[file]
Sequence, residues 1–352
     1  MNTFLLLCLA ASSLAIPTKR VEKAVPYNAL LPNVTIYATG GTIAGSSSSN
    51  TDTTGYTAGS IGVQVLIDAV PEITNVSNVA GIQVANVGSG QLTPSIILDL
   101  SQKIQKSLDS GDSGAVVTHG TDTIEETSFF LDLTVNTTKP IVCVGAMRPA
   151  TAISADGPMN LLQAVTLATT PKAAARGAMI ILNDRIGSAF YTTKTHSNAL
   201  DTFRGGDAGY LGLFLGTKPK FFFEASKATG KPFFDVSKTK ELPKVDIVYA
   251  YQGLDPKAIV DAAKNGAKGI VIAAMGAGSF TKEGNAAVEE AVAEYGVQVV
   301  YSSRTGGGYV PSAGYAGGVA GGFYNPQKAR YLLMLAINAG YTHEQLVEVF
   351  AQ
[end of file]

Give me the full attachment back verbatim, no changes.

Sequence, residues 1–352
     1  MNTFLLLCLA ASSLAIPTKR VEKAVPYNAL LPNVTIYATG GTIAGSSSSN
    51  TDTTGYTAGS IGVQVLIDAV PEITNVSNVA GIQVANVGSG QLTPSIILDL
   101  SQKIQKSLDS GDSGAVVTHG TDTIEETSFF LDLTVNTTKP IVCVGAMRPA
   151  TAISADGPMN LLQAVTLATT PKAAARGAMI ILNDRIGSAF YTTKTHSNAL
   201  DTFRGGDAGY LGLFLGTKPK FFFEASKATG KPFFDVSKTK ELPKVDIVYA
   251  YQGLDPKAIV DAAKNGAKGI VIAAMGAGSF TKEGNAAVEE AVAEYGVQVV
   301  YSSRTGGGYV PSAGYAGGVA GGFYNPQKAR YLLMLAINAG YTHEQLVEVF
   351  AQ